At this stage in the season, Vela has eight goals and four assists, leaving him well on course to equal or better his total of 12 and seven last season. He’s once again showing his technique, blistering pace and the ability to dazzle his way past opposition defenders. Vela has always been a good dribbler with plenty in his locker to beat defenders on the flanks, however at Arsenal he was clearly bereft of confidence in himself and from those on the bench.

Not taking anything away from Sociedad, Vela is better than his current club. He will play a notable role in their push for European football, which is clearly up for grabs this season. But beyond that, he is good enough to take a few steps up the ladder in La Liga. A Champions League team perhaps, certainly one looking for a versatile forward who knows how to play the hard working possession game. More than anything, Vela just needed a team to call his own.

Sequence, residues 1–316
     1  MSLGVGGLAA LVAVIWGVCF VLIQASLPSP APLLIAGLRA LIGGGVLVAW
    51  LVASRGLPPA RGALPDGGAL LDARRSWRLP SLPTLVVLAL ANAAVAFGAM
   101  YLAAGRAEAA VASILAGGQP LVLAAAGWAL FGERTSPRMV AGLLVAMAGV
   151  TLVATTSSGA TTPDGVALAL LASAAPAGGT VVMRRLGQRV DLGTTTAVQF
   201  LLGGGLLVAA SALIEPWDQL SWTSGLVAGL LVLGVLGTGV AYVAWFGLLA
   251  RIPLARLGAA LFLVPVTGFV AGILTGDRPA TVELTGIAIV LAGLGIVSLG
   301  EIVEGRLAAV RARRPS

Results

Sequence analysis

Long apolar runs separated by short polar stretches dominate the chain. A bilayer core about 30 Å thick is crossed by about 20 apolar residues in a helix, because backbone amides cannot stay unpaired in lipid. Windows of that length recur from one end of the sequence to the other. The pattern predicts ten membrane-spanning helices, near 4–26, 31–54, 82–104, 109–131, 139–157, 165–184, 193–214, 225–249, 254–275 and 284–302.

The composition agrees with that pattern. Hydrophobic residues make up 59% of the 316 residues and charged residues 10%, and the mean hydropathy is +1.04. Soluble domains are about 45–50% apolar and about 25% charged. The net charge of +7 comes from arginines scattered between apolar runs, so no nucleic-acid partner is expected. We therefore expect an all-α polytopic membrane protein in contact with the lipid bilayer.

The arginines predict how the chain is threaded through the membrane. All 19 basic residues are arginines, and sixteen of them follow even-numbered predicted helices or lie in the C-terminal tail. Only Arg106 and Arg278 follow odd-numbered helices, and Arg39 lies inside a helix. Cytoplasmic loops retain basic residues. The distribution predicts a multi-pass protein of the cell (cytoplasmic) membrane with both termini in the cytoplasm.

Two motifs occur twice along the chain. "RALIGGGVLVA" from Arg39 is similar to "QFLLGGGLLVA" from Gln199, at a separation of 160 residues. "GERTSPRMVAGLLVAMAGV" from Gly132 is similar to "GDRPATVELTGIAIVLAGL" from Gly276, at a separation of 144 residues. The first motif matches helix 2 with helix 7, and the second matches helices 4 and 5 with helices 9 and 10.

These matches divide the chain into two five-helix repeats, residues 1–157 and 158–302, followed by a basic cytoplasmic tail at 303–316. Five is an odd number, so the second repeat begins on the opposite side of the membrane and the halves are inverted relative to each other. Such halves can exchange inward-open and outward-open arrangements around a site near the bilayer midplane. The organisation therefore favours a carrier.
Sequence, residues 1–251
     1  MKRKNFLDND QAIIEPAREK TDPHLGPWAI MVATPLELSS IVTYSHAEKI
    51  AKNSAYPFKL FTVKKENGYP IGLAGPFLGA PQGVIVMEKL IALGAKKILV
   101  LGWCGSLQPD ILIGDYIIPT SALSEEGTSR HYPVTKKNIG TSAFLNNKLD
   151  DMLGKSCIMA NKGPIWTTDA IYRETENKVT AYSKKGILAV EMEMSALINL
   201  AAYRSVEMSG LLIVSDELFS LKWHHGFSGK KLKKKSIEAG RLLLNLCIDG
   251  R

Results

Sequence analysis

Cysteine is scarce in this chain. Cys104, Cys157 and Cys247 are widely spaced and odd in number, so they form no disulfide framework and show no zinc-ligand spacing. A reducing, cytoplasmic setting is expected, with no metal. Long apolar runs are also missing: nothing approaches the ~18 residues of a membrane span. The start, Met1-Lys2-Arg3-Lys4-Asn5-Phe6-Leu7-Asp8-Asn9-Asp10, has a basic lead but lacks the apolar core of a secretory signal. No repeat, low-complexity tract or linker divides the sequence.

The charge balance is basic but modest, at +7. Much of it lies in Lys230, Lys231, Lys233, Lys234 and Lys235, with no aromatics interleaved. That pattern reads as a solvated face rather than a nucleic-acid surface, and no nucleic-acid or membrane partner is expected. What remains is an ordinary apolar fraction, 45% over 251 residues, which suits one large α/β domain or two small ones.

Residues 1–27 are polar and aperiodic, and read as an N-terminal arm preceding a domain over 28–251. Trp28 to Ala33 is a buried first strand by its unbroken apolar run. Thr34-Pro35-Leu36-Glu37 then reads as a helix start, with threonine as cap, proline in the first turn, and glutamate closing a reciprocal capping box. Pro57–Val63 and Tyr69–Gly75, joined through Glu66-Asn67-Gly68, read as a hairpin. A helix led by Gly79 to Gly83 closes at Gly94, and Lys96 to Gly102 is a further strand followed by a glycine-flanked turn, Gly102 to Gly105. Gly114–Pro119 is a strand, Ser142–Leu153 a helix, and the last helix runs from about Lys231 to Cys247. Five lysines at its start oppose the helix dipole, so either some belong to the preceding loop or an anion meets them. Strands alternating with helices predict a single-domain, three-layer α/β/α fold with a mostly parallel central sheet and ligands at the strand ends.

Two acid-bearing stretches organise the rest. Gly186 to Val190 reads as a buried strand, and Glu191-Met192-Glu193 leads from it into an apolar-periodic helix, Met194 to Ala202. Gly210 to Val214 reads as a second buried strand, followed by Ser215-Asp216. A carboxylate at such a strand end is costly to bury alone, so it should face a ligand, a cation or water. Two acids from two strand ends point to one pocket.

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  • Ren Vassilliou
    1 year ago

    He was given more of a chance at Arsenal ,he just never cut the mustard ,he was loaned to WBA and again the mustard was’nt cut ,Vela is a good player but not a great player ,can’t wait to be proven wrong ,but I doubt it ..

    Reply
    • Michael Staley
      1 year ago

      Vela was intermittantly good at Arsenal, but couldn’t sustain it. I don’t think he was suited the the more physical style of play of the Premiership. Nor was Reyes, who I thought a superb player.

      Reply
  • Rex
    1 year ago

    Vela hsnt given a prolong run like theo walcott..Same happened to the talented Fran Merida…And last 2 years wenger just destroyed Andrei Arshavin’s career..

    Reply
  • Michael Staley
    1 year ago

    Wenger didn’t destroy Arshevin’s career Why would he, for heaven’s sake, after all the money he cost in terms of transfer fee and wages? Arshevin never sustained his great start; it’s as simple as that.

    Reply